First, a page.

About your kidneys and transplant
Living kidney donation
Living kidney donors
Types of living donation
Benefits and risks of being a living kidney donor
Making the decision to donate
How kidney donation can affect your life
Costs and insurance
Kidney donor testing
First stage of testing for donation
Potential tests for kidney donors
Transplant recipient information
Benefits and risks of kidney transplant
Types of kidney donation
About living donation
About Living Donation
Finding a living donor and transplant tourism
Deceased kidney donation
Before your transplant: Evaluation and the wait list
Your transplant team
Health insurance and finances
Plan for your after-transplant needs
Staying mentally and emotionally well
Getting the call: Transplant day
Your transplant surgery
Medicines after your transplant
Nutrition before your transplant
Nutrition after your transplant
After your transplant
Health problems to watch for after transplant
Travel and pregnancy after transplant
Donor and recipient video stories
Alberta Organ and Tissue Donation Registry
Living donation and transplant resources
Some tests check your general health, others show how well your kidneys are working. Tests that may be included are:
Your blood is tested for viruses or diseases that could be passed on to the recipient from your kidney transplant. You’ll go to a lab to get these tests done:
You may be able to get your
Mantoux test done at your local public health centre. This is a skin test to see if you’ve ever been exposed to Tuberculosis (TB). A small amount of liquid (0.1 ml) is injected under the skin on your arm. You’ll need to have the injection site checked 2 to 3 days later to get the results. In some cases, this can also be a blood test. If so, you’d go to a lab to have this done.
If you’re over age 50 years, you’ll have this screening test for bowel cancer. Anyone with a family history may be asked to have a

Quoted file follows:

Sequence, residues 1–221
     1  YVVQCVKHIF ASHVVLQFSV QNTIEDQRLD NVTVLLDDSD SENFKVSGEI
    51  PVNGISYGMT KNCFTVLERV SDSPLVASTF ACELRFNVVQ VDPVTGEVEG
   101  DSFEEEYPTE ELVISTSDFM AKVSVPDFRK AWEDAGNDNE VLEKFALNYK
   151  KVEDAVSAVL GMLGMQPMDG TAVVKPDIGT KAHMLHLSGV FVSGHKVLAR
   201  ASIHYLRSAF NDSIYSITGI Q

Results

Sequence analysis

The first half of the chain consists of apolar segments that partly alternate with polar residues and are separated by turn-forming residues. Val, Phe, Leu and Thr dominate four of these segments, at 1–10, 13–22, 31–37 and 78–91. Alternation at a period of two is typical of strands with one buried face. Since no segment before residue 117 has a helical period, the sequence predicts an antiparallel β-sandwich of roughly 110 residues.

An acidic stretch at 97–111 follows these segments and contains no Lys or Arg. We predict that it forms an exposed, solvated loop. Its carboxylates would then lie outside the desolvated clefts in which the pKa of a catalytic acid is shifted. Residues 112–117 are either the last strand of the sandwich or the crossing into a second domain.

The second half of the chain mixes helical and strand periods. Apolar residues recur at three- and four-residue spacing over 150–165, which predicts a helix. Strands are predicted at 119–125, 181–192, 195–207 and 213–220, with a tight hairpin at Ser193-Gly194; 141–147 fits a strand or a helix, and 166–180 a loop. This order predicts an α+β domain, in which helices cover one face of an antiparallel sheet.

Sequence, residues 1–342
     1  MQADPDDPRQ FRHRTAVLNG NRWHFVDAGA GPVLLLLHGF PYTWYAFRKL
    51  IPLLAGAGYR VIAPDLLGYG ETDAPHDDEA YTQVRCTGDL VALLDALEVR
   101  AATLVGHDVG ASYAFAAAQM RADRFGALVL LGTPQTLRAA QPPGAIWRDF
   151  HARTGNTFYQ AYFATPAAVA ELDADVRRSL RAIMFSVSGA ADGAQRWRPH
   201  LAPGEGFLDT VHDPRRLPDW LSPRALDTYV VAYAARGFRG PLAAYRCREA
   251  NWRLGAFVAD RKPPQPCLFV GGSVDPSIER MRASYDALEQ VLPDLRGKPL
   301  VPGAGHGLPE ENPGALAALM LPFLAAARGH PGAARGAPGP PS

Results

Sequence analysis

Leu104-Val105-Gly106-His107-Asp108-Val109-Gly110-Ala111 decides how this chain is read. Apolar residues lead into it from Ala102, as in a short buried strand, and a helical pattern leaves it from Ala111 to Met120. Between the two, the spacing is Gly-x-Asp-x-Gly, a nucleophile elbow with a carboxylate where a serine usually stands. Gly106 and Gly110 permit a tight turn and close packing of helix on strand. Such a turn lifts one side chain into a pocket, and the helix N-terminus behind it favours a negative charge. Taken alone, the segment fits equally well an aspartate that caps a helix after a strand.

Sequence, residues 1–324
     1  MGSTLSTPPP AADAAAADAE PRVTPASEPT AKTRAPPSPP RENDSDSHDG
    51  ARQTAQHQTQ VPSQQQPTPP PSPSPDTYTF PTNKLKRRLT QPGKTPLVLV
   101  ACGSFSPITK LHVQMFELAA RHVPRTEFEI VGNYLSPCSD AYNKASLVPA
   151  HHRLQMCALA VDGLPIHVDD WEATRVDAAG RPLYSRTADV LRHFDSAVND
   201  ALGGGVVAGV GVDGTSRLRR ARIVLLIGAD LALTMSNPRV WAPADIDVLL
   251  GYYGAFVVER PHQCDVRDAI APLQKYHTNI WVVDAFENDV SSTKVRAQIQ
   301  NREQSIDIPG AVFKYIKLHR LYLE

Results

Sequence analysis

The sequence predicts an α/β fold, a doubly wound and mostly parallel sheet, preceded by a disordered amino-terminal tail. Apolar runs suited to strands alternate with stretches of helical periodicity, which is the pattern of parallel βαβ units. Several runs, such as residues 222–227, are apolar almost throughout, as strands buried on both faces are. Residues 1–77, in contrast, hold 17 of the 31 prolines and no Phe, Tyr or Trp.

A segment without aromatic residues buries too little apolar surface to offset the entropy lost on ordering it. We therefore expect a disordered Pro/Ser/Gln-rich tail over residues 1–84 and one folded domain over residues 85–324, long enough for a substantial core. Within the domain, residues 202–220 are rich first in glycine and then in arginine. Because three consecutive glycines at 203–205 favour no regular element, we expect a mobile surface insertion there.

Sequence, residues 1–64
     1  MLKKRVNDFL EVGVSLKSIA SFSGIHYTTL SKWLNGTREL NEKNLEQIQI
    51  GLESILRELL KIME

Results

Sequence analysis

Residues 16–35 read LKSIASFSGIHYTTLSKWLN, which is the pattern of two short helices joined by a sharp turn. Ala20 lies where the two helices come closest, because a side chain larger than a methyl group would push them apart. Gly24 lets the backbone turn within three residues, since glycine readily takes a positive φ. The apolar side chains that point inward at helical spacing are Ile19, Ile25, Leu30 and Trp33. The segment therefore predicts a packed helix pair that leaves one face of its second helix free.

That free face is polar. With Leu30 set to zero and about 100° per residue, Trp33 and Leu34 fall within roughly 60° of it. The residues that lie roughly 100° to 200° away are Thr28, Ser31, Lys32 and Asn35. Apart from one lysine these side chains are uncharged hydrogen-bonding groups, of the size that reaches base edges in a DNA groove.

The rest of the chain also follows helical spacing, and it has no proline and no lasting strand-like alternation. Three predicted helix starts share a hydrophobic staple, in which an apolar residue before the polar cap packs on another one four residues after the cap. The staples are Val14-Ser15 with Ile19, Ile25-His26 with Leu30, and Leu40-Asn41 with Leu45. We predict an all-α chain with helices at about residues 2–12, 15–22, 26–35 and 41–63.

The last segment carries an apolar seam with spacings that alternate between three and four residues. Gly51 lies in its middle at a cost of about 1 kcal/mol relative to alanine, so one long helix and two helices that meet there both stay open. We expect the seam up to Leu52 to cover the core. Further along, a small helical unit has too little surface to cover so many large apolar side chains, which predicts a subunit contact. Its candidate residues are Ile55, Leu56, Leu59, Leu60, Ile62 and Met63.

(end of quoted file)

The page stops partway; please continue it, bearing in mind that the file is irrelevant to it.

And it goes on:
Fecal Immunochemical (FIT) Test even if they’re not age 50 years.
Your urine is tested for infection, protein, and blood. A
urine test is done at least twice over the time of the donor evaluation.
For this test you’ll collect all your urine over 24 hours. The lab will give you a container to collect it in. If you miss some, you’ll have to start over.
When you return the container to the lab, they’ll do a blood test. The dissolved minerals in your urine are compared to those in your blood. The results of the test show how well your kidneys are working.
ECG records the electrical activity of your heart. The electrical activity in your heart is what keeps it pumping blood to and from your body. This test may be done in a lab or clinic and only takes a few minutes. You may be asked to have specialized heart tests or see a heart specialist (cardiologist).
Donors over age 50 years often need to see a heart specialist to make sure your heart is healthy for surgery.
Other tests and imaging may be needed depending on your health and what the results of regular testing show.
You may also be asked to get more specific blood tests for viruses and other infections if you:
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This material is not a substitute for the advice of a qualified health professional. This material is intended for general information only and is provided on an "as is", "where is" basis. Although reasonable efforts were made to confirm the accuracy of the information, Alberta Health Services does not make any representation or warranty, express, implied or statutory, as to the accuracy, reliability, completeness, applicability or fitness for a particular purpose of such information. Alberta Health Services expressly disclaims all liability for the use of these materials, and for any claims, actions, demands or suits arising from such use.